Whatever you need, be prepared to spend a lot of time assembling your documentation and waiting for responses. Since some permits have to be applied for from your home country, you should start this process well in advance of your move to Switzerland.
For many foreigners, Swiss immigration laws are complex and confusing (the Swiss often think so too!) In this section, we give an overview of the most important legal aspects and application procedures to consider. As this is a complex subject, we cannot provide detailed information about every regulation or different personal circumstances. Nevertheless, this guide should help get you started and move in the right direction.
If you’re not familiar with European politics, Switzerland is one of the few European states that is not part of the European Union. However, in 2002 a bilateral agreement with the EU has changed considerably the laws on work and residency permits. In reality, this means things are now easier for EU-citizens and more difficult for citizens from other countries.
When coming to live Switzerland, you will probably need some or all of the following documents and registrations:
- Visas: EU citizens and some other nationalities don’t need a visa for visits to Switzerland. If you do need a visa, you have to apply for it in your home country (visas are never issued in Switzerland). This is also the case if you later apply for a residency permit in Switzerland. More information on this subject can be found in our chapter on visas.
- Residence permits: Foreigners living in Switzerland receive a residence permit ( Aufenthaltsbewilligung/autorisation de séjour), which is issued in a plastic cover printed with ‘foreigners permit’ ( Ausländerausweis/livret pour étrangers). There are different types of residence permits according to length of stay, status (i.e. student or work permits) and other rights.EU citizens can look for work in Switzerland for up to three months without a residence permit. Non-EU nationals are required to obtain pre-authorisation for a residency permit ( Zusicherung der Aufenthaltsbewilligung/assurance d’autorisation de séjour) before coming to Switzerland. This documents states that you will receive a residency permit after arrival. You need to apply for pre-authorisation before coming to Switzerland and applying for the actual residence permit.
- Residence registration: Within 8 days of arrival in Switzerland and before starting to work, you must register ( anmelden/s’inscrire) in the local town hall ( Gemeinde/commune) where you’re living. Residency registration is obligatory for both foreigners and Swiss citizen. If you get a residence permit, the commune will pass on your documents to the cantonal authorities who will process your request and send you your permit.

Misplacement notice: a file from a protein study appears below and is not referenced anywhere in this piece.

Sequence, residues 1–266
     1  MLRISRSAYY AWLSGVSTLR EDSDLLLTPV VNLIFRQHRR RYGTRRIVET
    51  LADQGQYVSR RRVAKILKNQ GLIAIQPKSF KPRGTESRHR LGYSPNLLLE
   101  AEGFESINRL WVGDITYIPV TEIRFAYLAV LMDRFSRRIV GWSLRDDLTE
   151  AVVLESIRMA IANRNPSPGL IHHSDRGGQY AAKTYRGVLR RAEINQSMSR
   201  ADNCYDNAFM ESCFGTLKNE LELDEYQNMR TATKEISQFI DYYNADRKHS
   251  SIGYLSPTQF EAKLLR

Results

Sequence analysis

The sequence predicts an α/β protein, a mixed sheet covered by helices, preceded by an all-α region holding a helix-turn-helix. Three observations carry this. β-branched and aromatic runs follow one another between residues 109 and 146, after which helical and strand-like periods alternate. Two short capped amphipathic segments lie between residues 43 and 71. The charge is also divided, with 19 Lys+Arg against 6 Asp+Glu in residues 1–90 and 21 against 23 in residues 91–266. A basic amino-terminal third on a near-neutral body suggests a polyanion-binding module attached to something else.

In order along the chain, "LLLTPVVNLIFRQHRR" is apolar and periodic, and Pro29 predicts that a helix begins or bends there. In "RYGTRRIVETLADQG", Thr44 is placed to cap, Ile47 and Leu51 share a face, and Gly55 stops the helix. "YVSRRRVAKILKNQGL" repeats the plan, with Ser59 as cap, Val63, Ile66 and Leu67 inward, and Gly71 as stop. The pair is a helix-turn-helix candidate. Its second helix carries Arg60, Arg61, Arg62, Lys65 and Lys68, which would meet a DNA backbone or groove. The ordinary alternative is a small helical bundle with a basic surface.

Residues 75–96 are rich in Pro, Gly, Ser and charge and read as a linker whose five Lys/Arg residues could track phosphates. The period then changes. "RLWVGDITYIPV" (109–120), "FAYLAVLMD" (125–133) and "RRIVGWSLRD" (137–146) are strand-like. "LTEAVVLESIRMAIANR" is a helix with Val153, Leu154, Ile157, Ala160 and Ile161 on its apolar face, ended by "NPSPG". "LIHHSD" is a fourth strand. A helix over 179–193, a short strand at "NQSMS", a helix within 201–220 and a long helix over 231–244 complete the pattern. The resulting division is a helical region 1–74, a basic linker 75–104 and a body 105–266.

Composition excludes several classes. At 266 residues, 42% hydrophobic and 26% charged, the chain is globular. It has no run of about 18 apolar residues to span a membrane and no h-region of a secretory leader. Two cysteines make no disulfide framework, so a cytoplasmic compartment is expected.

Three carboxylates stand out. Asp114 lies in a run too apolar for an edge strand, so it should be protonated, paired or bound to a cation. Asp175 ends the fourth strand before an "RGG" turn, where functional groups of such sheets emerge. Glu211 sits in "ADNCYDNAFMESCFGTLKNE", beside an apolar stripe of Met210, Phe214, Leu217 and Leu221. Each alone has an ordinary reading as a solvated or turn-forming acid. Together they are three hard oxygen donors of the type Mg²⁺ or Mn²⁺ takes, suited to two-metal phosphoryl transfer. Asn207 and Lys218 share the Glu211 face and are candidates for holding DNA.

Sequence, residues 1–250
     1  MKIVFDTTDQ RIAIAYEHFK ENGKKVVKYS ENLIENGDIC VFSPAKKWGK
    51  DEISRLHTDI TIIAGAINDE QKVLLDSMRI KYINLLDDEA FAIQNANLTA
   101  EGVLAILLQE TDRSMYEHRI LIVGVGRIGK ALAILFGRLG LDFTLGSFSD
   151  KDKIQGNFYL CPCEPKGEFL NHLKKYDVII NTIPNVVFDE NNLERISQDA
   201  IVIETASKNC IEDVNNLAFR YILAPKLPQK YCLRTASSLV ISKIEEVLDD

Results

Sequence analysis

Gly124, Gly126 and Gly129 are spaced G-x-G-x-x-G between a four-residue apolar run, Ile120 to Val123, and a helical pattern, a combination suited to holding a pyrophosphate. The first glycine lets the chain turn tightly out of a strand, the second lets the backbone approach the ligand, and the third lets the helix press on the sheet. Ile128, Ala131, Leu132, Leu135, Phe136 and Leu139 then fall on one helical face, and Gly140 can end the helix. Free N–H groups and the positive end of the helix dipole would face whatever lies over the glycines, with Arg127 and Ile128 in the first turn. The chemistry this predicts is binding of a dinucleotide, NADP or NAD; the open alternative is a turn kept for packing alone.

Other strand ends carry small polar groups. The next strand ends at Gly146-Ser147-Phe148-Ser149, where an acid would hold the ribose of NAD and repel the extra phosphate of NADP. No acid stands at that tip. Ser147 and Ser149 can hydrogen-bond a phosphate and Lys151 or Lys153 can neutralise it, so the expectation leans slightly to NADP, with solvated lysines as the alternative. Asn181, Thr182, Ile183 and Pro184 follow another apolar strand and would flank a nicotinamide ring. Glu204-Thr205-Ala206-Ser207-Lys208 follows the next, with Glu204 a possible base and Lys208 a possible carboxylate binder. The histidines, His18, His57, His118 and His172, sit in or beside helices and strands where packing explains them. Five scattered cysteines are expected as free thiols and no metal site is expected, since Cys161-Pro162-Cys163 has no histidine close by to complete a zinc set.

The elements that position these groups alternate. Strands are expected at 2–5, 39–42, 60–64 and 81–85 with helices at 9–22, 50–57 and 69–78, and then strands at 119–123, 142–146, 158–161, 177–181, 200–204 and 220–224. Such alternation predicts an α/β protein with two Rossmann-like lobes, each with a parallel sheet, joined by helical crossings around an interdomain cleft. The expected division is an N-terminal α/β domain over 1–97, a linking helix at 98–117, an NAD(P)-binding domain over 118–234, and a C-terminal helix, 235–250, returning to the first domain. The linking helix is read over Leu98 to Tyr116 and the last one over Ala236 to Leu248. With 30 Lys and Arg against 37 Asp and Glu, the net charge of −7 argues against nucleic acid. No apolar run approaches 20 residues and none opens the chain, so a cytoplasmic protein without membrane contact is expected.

Preparing your trip
The Swiss love documents, so be prepared to be asked for many of the below. When still at home you should prepare and obtain:
- a passport valid for the entire period to be spent in Switzerland (preferably yours!)
- a healthy supply of passport-size photographs
- For students, a notification of admission or confirmation of application (i.e. from your university, college, etc.)
- For professionals, an employment contract or job offer letter
- For non-EU citizens, your pre-authorisation for a residency permit
- proof of financial resources
- visa (not a tourist visa), if applicable
- originals and certified (!) translations of your birth certificate, secondary school leaving certificate
- marriage certificates and birth certificates of all your family members (if applicable)
- possibly your academic qualifications and your insurance documents. Certifications abroad can be obtained at Swiss diplomatic and consular missions
- possibly confirmation of health insurance cover in your home country
- book of vaccination certificates, if you have one. Check at the Swiss missions whether you need any vaccinations
- possibly an international driving license
Also note that regulations are subject to frequent change. Information can be obtained from Swiss embassies, consulates, immigration offices and the Swiss ministry for foreign affairs. Information can also be obtained from the Bundesamt für Zuwanderung, Intergration und Auswanderung (IMES – www.auslaender.ch). If your legal situation is complex, you might want to consider hiring a lawyer or legal expert who is specialized on immigration issues and will represent your interests.